“Beer is a product for the people,” he says. “Big companies don’t see the worth in connections, don’t want people to continue to work in this way. When people like Juan Carlos know their hops are essential to making good beer here in León, they feel proud that they’re part of something good that our region is creating.”
There has been a bridge over the Órbigo River in Hospital de Órbigo since at least the year 456, and its name, Passo Honroso, comes from a legend of knights jousting for honour under its white arches. From above, the water looks calm and clear, and I can see deep patches of river weeds waving lazily with the current.
Upstream, a fisherman waits patiently, waist-deep, casting for rainbow trout. Behind him is a thick canopy of trees as the river bends to the right, and behind that, the grey peaks of the Cantabrian Mountains line the horizon to the north. Six camino pilgrims, with scallop shells dangling, pass by while I take in the beauty of this place. Hundreds of years ago, their crossing would have been protected by the Knights of Malta.
Everything here begins with the river. Paco explains that its waters are ice-cold, which helps keep the plants’ roots cool overnight. He traces his hand over the landscape to the top of an imaginary hop bine.
“Just like in Washington or Oregon,” he says, “the cold nights move into a hot, sunny day. The hops can wake up quickly and grow faster.”
A short drive out of Hospital de Órbigo is the river’s watershed, where conservation projects have, since the 1980s, worked to preserve its waters. As Paco walks with me through his neighbour’s hop fields (“They won’t mind, they have a good crop to look at”) and around the reservoir, we talk about climate change and how Spain is rapidly becoming a land of extreme weather.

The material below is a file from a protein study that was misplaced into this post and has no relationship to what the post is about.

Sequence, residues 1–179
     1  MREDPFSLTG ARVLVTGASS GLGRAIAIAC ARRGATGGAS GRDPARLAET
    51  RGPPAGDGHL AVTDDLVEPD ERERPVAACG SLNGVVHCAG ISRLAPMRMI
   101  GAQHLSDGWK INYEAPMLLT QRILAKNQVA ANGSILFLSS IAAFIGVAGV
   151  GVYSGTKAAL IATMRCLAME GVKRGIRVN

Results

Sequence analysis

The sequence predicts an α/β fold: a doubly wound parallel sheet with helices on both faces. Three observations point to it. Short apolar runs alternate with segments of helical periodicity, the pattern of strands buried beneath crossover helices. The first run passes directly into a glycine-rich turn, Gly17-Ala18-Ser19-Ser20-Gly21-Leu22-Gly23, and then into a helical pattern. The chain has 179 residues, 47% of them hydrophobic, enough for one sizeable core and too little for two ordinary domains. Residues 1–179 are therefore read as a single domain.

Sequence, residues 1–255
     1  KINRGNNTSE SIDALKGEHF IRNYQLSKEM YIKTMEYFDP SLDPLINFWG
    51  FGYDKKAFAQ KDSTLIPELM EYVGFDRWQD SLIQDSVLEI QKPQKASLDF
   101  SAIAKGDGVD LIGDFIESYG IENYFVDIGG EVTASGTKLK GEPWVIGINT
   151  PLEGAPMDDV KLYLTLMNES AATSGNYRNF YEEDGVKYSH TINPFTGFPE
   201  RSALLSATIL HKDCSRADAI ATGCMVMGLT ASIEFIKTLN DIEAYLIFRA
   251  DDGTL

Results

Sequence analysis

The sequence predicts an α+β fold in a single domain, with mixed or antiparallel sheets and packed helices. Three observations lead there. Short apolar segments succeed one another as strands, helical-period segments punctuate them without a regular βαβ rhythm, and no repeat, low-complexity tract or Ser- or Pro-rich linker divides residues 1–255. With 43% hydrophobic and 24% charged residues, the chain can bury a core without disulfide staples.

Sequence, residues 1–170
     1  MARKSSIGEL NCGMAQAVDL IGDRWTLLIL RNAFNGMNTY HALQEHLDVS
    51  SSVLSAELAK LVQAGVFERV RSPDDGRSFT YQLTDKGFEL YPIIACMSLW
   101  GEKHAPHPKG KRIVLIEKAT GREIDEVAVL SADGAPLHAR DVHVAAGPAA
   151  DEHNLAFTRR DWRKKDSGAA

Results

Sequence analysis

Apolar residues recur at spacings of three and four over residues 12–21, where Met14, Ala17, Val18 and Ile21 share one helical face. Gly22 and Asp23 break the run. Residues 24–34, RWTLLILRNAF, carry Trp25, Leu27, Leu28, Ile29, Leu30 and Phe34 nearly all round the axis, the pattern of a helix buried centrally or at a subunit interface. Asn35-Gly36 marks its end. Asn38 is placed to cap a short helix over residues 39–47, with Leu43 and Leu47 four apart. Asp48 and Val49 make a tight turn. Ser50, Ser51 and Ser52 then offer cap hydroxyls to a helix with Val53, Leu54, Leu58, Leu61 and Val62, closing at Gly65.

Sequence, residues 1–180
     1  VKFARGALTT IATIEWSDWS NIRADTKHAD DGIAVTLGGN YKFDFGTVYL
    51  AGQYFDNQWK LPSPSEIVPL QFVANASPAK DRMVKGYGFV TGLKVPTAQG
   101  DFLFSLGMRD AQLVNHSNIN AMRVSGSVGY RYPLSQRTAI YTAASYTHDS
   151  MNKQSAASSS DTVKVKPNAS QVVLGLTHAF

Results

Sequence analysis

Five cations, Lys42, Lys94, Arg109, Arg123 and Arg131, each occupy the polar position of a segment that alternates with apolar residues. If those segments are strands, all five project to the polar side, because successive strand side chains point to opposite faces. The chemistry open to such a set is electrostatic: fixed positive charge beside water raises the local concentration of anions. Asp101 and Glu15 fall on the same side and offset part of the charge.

“Andalucía is becoming a desert, and hot southern weather is moving north,” he said. “Farmers are trying out different crops in unusual and different areas to cope with new conditions. I’m looking at how to grow hops that use less water, and can withstand hotter temperatures.”
As we speak, we watch fat, black-finned fish trail gracefully through the dark water, sending bubbles up to the surface with every movement. The slender trunks of fallen pine trees litter the lake floor, shadowy and distorted. Spurred on by the view, we discuss how water conservation is a priority for everyone, even in the water-rich Órbigo Valley, and how the area may one day have to learn to live without it.
It’s hard to imagine a barren wilderness here. Even so, the reservoir is low, and long-legged birds flap irritably on a stony bank ahead of us. Two months earlier, all of this was submerged by water channelled in from the heavy winter rains. I smell my hands, in search of the faintest scent of the wet hops I’d rubbed between them earlier in the afternoon. I savour it, and turn away from the river back onto the road.
This feature is adapted from a piece originally published on Katie’s blog, The Snap and the Hiss. Our thanks to The Spanish Yard for providing our writer with accommodation and making this feature possible.